|Experimental set-up shows an array of graphene-capped liquids. The caps enable the liquids to be studied using an image technique that previously was restricted to studying solid surfaces.|
Credit: A. Strelkov/NIST
Topics: Graphene, Electrical Engineering, Materials Science, Nanotechnology, Semiconductor Technology
By capping liquids with graphene, an ultrathin sheet of pure carbon, researchers at the National Institute of Standards and Technology (NIST) and their colleagues have revitalized and extended a powerful technique to image surfaces. The graphene lids enable researchers for the first time to easily and inexpensively image and analyze liquid interfaces and the surface of nanometer-scale objects immersed in liquids. The new capability has the potential to advance the development of batteries, highly charged capacitors for power-grid technology, and new catalysts such as those used in the chemical industry.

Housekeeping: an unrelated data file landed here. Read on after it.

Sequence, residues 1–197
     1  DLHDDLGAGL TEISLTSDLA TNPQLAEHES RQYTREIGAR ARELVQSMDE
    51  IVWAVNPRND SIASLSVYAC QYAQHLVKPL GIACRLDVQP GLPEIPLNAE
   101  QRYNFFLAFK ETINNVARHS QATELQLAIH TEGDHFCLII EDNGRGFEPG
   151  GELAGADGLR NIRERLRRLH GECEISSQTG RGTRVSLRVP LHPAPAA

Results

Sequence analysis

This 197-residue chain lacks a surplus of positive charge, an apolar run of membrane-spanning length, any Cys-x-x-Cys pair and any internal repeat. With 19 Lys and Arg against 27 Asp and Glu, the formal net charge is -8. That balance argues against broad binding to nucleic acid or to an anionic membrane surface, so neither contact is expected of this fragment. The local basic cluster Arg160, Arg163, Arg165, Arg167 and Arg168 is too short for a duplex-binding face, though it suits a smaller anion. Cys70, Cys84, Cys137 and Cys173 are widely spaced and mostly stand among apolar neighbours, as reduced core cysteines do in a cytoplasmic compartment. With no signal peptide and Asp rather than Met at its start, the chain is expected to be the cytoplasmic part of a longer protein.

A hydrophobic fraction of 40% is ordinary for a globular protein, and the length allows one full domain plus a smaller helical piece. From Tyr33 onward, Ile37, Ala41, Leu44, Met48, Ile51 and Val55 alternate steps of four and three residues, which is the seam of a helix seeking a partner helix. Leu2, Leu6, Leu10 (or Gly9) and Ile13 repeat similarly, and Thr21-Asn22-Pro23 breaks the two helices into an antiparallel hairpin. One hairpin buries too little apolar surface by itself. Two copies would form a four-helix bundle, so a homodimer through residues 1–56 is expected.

In the imaging technique, known as photoemission electron microscopy (PEEM), ultraviolet light or X-rays bombard a sample, stimulating the material to release electrons from a region at or just beneath its surface. Electric fields act as lenses, focusing the emitted electrons to create an image.
NIST: Graphene Lid Revitalizes Imaging Technique, Ben Stein